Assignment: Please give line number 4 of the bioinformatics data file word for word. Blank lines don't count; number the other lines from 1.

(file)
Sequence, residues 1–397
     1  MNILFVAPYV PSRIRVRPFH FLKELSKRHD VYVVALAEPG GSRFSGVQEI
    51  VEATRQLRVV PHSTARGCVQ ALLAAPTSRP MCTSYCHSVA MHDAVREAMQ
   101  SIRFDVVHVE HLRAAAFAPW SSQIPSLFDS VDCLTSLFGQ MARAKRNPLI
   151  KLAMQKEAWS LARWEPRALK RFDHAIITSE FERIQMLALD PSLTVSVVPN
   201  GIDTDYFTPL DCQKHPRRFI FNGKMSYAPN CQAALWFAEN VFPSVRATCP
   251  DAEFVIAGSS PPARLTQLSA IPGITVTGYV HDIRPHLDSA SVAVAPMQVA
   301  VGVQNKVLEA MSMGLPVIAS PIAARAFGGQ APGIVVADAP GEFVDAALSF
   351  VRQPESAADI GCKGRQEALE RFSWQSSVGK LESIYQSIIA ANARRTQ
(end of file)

   101  SIRFDVVHVE HLRAAAFAPW SSQIPSLFDS VDCLTSLFGQ MARAKRNPLI